I love the slightly competitive tension between Temperance and Claudel in this book. I think that tapers off and they reach a mutual understanding and level of respect in later books, but at the beginning he’s a real arseface. The reader doesn’t know why, which adds a frisson to all the relationships, an edge, and makes for entertaining sub-plot. His behaviour towards the other characters might have been unpleasant, but I actually found him strangely lovable… Like a grumpy old bear, missing an eye, a bit grubby from being dragged around the garden, that you still want to hug.
I remember feeling exasperated in later books by the romance between Temperance and Ryan, but that was less of an issue in the first book as they are just getting to know one another. Still, the chemistry was there between them from the first and added a layer of intrigue and interest to the plot.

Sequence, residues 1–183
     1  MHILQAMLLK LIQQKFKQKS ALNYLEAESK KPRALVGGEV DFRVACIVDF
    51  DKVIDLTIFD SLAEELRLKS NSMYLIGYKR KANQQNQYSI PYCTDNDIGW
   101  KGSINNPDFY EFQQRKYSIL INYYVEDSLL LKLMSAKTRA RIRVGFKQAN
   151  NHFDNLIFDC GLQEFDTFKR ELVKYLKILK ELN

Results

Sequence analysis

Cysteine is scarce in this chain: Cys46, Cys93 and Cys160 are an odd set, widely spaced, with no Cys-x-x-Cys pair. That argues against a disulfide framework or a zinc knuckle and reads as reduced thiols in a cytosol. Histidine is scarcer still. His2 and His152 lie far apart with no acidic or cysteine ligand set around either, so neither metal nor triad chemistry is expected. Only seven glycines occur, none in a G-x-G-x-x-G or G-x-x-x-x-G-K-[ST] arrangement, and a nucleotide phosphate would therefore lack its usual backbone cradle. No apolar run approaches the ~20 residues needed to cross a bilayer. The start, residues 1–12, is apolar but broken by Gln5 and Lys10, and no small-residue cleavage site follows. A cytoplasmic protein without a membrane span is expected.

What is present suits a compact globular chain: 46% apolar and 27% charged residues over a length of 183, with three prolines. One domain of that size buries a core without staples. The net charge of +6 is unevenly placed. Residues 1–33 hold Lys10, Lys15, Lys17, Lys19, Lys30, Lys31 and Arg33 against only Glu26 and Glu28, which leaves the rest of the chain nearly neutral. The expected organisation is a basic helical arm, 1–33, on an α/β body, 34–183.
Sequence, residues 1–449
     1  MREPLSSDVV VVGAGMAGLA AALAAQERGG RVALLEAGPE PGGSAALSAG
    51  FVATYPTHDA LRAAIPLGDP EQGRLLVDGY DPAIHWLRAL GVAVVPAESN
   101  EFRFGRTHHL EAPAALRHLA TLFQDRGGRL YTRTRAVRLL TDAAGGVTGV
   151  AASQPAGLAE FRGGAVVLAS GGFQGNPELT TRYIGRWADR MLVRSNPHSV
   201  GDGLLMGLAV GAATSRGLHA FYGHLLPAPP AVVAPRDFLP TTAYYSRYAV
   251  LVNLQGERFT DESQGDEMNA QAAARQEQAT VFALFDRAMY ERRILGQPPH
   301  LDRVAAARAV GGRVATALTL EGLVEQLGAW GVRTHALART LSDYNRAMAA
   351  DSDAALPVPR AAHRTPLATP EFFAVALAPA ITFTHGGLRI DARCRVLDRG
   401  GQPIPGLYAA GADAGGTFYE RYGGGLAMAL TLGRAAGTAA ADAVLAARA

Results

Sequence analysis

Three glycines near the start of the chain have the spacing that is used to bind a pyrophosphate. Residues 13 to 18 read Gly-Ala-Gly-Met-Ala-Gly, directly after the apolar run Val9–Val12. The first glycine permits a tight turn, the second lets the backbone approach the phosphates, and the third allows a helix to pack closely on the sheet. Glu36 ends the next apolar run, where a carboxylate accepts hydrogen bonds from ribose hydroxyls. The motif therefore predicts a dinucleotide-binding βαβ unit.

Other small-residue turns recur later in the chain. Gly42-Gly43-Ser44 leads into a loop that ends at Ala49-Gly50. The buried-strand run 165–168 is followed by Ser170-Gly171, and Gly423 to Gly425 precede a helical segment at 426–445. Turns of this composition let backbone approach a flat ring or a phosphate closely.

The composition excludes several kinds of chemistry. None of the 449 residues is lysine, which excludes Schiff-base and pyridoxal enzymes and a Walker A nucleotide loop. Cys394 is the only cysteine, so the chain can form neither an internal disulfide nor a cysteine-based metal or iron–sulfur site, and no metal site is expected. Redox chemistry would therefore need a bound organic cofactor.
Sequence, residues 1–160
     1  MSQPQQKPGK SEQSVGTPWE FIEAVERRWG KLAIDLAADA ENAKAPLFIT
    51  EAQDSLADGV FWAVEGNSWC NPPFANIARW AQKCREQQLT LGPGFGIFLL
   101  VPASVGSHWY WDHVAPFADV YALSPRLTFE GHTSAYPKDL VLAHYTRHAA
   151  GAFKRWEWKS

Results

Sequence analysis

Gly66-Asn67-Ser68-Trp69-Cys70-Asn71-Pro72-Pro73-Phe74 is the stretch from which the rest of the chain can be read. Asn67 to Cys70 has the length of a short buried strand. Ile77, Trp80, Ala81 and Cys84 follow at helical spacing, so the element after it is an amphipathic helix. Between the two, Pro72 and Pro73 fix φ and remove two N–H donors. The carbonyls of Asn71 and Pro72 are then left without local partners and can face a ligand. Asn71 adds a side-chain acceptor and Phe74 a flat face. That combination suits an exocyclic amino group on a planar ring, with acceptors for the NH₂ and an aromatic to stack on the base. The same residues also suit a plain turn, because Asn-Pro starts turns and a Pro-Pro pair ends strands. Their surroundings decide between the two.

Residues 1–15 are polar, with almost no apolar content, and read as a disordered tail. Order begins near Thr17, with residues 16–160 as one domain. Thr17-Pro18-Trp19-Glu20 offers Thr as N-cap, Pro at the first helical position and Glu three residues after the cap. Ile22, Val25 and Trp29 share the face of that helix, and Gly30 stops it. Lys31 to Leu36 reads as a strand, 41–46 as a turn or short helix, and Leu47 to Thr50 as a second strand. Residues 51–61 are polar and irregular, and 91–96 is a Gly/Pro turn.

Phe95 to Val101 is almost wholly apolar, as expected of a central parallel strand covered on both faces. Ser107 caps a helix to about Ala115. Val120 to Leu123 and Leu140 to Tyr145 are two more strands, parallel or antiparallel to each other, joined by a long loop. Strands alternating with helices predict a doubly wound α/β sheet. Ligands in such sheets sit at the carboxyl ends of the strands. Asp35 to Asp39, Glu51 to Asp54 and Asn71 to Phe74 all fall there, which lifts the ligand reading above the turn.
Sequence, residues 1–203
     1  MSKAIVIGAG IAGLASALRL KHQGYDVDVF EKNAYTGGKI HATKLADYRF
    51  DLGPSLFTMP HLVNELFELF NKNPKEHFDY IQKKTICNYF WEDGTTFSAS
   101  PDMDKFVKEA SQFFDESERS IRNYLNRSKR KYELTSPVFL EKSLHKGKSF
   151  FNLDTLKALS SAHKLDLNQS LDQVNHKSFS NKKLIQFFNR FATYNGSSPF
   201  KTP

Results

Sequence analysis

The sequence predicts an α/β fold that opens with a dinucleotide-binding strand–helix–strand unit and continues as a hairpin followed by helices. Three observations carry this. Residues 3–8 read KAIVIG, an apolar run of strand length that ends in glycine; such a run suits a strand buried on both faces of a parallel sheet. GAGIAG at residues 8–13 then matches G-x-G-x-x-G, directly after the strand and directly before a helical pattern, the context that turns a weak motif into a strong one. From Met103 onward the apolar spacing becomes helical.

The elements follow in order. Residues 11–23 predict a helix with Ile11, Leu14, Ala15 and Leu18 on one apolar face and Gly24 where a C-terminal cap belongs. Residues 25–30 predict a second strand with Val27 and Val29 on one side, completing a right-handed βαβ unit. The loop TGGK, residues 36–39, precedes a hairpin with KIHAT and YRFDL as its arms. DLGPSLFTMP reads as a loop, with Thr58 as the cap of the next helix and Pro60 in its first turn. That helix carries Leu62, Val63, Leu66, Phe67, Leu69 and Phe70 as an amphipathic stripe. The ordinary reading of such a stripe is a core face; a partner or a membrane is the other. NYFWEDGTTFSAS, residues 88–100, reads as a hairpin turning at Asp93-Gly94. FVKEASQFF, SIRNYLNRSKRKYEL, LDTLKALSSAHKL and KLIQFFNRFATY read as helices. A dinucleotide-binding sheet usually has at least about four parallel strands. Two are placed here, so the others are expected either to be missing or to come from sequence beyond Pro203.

In so many books billed as “thrillers” (which I would debate whether the Temperance Brennan books are thrillers, but anyway), the backstory and dimensionality of the characters simply isn’t there. I think I what I liked most about Deja Dead was the complexity and humanness of the characters, and their challenging and developing relationships with one another. It was interesting to go back and see that from the very beginning.
The contextualisation of the mystery in the sense of place was lovely. The details of the city, the setting, brought the action to life. It made the gory details… Gorier. Gave the characters a stage, and the mystery itself a sense of reality. A sense that these things could happen, because they were contextualised within reality. The descriptive language is not only effective, but accomplished.
The mystery itself is gripping, fast-paced, and gritty. It got my heart racing, and kept the pages turning. It kept my guessing till the end.